In 1985, the musical artist Sting released his debut solo album. One song on this album was titled Russians. It became a very popular antiwar anthem during the closing decade of the Cold War between the United States and the Soviet Union. The tag line at the end of every verse was “I hope the Russians love their children, too.” The message the song expressed was that no matter what country someone lived in or their political ideology, people experience the same emotions, thoughts, concerns and fears.
While everyone—Russian or American, Republican or Democrat, black, white or purple—can experience affection and emotions toward others, they cannot understand true love without having knowledge of the source of love: “He that loveth not knoweth not God; for God is love” (1 John 4:8). Love is an attribute of God, and God is the source of love. We would not know about love if not for God’s revelation through His word.
The same could be said for thankfulness. One cannot truly be thankful unless they have knowledge of the source of thanksgiving: “Every good gift and every perfect gift is from above, coming down from the Father of lights with whom there is no variation or shadow due to change” (James 1:17). One must know God through His word and understand His love for humanity in order to have the right perspective on thanksgiving. The atheist denies the existence of God. According to that belief system, we merely “won the cosmic lottery.” Everything is a result of chance and random coincidences. If that were the case, we never could truly understand what thankfulness is, because we would have to admit that any benefit we have received was simply through blind luck. For the atheist, to express thankfulness would be hypocritical.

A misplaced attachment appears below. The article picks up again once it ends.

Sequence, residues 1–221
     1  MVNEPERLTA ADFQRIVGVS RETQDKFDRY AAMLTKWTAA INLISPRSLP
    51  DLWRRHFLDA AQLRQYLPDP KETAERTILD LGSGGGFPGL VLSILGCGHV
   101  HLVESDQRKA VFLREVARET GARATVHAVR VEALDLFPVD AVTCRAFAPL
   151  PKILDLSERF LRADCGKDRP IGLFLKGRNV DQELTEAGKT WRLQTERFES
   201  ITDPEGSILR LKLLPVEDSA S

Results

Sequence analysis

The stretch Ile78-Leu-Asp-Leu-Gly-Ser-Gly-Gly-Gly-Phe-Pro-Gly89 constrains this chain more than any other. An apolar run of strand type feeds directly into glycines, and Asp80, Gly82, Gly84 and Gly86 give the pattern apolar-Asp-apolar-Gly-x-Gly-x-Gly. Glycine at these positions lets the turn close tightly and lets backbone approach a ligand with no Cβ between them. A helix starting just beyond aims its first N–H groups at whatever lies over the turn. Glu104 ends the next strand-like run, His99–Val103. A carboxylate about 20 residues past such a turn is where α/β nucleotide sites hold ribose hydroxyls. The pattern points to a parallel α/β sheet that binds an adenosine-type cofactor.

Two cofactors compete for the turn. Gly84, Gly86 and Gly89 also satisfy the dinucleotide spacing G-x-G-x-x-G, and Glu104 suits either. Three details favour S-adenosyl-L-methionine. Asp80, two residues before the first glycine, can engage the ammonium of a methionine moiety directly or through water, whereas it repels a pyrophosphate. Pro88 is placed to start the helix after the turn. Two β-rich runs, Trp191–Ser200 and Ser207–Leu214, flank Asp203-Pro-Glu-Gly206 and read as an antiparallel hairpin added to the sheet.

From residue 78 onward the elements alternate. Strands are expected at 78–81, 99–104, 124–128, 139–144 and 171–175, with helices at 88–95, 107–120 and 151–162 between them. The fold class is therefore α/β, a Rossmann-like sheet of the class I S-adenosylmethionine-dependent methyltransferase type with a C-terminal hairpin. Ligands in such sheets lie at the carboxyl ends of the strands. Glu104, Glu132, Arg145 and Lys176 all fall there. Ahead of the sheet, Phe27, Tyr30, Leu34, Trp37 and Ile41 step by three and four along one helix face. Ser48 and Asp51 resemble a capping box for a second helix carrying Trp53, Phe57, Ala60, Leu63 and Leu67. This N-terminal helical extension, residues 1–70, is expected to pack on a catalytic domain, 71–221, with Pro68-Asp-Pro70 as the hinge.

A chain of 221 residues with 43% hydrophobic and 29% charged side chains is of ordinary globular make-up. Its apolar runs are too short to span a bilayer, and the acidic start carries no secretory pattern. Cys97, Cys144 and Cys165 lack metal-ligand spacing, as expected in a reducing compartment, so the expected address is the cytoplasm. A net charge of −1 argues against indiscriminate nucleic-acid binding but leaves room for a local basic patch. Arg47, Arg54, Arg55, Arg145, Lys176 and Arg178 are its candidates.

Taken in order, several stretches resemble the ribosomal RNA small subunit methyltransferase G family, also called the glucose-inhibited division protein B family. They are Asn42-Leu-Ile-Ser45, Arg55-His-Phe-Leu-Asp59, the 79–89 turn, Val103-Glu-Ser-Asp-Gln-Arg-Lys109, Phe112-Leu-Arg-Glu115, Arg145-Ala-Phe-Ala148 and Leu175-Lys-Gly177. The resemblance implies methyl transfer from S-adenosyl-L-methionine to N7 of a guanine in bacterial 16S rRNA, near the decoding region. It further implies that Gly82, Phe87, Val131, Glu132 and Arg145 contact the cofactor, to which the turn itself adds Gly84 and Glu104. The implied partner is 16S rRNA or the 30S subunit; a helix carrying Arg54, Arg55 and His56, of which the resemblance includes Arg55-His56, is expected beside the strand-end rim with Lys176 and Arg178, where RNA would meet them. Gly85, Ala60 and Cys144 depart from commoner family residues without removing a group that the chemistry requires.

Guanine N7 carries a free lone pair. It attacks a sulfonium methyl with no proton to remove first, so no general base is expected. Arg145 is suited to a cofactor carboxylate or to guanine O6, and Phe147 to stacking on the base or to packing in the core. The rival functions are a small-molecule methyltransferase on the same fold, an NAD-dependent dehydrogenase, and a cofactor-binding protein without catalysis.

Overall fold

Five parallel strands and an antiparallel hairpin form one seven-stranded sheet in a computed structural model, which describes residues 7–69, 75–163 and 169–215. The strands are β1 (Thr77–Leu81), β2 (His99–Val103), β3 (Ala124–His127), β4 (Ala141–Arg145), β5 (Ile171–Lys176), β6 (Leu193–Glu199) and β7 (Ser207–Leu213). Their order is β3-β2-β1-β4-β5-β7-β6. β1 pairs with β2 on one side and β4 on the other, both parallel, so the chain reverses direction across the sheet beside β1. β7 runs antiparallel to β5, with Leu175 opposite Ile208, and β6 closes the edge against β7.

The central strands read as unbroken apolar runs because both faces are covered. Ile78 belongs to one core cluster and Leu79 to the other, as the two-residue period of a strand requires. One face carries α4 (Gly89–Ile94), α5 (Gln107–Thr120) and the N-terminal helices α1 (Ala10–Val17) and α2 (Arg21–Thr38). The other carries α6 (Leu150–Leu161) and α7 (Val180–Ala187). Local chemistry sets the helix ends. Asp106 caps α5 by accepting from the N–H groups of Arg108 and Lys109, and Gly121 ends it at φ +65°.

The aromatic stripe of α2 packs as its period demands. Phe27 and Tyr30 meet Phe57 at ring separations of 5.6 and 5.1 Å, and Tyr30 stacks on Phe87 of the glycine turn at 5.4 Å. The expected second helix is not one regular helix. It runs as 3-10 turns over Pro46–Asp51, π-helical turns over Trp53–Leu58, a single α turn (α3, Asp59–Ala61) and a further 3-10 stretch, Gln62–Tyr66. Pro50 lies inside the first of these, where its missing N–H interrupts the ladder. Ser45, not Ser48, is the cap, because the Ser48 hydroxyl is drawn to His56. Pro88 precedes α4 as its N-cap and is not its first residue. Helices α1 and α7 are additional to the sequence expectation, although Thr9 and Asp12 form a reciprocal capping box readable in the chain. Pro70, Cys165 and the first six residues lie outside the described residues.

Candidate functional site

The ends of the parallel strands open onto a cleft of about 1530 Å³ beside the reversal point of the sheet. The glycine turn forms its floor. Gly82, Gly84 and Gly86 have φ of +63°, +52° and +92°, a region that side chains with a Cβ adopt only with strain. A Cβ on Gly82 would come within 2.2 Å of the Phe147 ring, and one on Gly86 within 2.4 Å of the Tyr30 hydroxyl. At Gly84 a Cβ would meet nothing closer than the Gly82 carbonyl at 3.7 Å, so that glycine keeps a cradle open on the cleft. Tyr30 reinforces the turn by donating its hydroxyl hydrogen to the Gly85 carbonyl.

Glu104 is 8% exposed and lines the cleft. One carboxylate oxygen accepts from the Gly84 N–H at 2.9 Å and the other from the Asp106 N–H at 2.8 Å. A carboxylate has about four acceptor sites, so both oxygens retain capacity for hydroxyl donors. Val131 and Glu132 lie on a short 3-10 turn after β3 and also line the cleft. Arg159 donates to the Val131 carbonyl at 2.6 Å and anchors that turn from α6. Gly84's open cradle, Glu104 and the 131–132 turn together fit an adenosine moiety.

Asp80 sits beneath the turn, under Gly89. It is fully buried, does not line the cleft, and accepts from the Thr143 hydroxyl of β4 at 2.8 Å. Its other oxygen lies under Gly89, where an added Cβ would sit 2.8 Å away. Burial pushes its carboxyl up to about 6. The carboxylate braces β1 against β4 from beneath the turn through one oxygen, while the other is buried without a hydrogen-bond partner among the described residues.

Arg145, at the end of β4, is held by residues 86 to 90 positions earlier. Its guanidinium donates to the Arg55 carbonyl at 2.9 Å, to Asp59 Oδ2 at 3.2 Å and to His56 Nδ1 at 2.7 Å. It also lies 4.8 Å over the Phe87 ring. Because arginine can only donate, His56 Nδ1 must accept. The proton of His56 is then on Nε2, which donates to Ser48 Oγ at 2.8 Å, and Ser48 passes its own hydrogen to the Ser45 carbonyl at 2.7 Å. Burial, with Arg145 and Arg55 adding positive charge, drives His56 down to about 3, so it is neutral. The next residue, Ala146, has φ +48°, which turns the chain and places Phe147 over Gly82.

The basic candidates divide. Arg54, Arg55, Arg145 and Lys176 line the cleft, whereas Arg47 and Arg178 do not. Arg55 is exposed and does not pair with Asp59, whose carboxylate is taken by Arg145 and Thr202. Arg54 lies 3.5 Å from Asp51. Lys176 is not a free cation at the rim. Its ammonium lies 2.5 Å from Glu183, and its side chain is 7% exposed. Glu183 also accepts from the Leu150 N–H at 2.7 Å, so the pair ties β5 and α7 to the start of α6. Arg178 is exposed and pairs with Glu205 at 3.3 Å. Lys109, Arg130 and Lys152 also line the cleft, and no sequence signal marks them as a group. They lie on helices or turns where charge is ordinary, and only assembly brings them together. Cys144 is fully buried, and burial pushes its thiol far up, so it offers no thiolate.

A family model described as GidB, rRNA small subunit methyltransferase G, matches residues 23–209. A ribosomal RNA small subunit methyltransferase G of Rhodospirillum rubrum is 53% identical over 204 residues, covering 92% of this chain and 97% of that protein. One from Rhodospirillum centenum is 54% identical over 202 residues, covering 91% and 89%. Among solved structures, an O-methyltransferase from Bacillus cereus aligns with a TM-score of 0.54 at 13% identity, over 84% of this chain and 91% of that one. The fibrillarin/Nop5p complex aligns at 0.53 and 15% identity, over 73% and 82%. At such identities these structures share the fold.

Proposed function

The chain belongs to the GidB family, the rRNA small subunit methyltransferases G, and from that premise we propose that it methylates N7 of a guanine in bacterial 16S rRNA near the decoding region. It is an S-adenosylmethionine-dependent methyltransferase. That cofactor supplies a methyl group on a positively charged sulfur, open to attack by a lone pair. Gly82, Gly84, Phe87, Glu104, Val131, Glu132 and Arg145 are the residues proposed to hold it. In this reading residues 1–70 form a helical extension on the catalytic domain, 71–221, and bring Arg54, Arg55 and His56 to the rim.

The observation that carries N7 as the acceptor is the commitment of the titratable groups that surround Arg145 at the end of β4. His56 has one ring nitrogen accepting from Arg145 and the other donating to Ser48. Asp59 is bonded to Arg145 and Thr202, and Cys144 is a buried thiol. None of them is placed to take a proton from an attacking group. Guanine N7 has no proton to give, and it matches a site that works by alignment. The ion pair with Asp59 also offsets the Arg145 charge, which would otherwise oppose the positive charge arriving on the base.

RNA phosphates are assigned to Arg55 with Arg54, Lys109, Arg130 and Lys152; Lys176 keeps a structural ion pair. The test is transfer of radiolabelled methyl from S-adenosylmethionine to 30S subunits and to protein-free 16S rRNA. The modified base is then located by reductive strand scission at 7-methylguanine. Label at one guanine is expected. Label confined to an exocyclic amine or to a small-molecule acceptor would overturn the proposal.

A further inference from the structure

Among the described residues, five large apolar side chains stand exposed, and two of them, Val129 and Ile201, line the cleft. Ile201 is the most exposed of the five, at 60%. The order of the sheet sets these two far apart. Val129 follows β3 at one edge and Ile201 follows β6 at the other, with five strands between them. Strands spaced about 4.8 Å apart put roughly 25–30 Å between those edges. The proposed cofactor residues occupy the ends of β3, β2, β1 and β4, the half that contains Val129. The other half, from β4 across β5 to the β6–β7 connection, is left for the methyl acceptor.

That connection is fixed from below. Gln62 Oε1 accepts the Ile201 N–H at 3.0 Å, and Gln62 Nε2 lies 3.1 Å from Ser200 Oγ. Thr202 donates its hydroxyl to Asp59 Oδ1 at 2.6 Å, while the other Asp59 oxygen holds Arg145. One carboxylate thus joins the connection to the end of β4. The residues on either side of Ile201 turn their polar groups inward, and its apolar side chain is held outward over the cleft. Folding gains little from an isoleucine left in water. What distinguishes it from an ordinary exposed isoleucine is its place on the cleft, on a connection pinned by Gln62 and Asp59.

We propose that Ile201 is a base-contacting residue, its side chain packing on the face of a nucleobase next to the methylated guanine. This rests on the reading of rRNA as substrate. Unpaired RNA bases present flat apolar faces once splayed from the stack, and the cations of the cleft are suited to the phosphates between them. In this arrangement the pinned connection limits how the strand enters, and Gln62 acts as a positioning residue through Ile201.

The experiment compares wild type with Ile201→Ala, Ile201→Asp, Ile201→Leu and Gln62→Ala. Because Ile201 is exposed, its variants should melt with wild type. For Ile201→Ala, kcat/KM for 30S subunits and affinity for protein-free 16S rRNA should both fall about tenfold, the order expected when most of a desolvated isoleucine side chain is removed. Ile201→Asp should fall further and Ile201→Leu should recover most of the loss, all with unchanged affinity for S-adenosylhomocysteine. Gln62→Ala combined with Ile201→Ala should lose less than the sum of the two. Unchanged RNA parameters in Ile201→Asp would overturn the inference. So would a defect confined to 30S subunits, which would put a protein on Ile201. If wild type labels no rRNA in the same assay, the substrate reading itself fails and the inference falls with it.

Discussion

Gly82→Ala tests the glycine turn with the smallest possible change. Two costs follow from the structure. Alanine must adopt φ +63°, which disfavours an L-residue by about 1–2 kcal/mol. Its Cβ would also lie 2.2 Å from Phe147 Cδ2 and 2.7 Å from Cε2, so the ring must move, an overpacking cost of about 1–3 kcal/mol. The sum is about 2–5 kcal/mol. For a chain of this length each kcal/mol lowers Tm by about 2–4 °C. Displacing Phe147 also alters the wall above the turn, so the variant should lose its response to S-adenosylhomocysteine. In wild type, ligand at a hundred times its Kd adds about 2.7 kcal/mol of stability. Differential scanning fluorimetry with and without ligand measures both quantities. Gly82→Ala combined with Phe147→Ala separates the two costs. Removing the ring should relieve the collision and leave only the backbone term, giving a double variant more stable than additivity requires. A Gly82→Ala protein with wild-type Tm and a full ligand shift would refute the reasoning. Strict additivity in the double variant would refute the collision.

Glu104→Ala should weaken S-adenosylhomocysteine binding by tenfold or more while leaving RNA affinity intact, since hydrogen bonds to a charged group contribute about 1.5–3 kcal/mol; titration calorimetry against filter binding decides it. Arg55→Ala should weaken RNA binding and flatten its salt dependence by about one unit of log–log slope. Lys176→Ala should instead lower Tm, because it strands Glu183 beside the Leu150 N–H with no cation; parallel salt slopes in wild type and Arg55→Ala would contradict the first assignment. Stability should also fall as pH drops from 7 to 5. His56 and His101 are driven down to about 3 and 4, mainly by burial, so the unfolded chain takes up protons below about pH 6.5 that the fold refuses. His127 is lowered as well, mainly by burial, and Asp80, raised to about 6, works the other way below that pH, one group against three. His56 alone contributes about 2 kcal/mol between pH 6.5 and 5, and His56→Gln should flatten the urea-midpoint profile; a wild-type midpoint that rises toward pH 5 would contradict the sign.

On the other hand, many who claim to believe in God do not have a proper understanding of God and do not know God. One such individual in scripture is the Pharisee in Luke 18. Jesus spoke this parable “to some who trusted in themselves that they were righteous” (Luke 18:9). The Pharisee did not have the right relationship with God because he trusted in himself instead of trusting in God. Proverbs 3:5 says, “Trust in the LORD with all your heart, and do not lean on your own understanding.” The Pharisee claimed to thank God but gave himself all the glory. He boasted in his own accomplishments while feigning thankfulness to the Almighty, and, in doing so, he showed himself to be a hypocrite. This month in the United States, many will celebrate Thanksgiving Day, but for many people, it is merely a day off work. It is a day to overeat and watch football. It is a time to plan out a Black Friday strategy, with some stores now beginning their sales on Thursday evening. If people still take a moment to think about what they have, it may be only from a materialistic point of view. They are happy for what they have been able to accomplish and the stuff they have been able to accumulate.
As we focus on giving thanks this month, let us focus on the source of our blessings. The gifts that God offers to us through His grace and mercy are far beyond what we deserve. We deserve punishment and spiritual death (Rom 3:23; 6:23), yet God desires that everyone be saved and He paid the price to make it possible (1 Tim 2:4-6). When we know God and understand what He has done for us, this will lead us to fall at His feet in humility and obey His will so we can receive the gifts that He has promised. That is all about what true thankfulness is and why so many will celebrate in vain on the fourth Thursday of this month.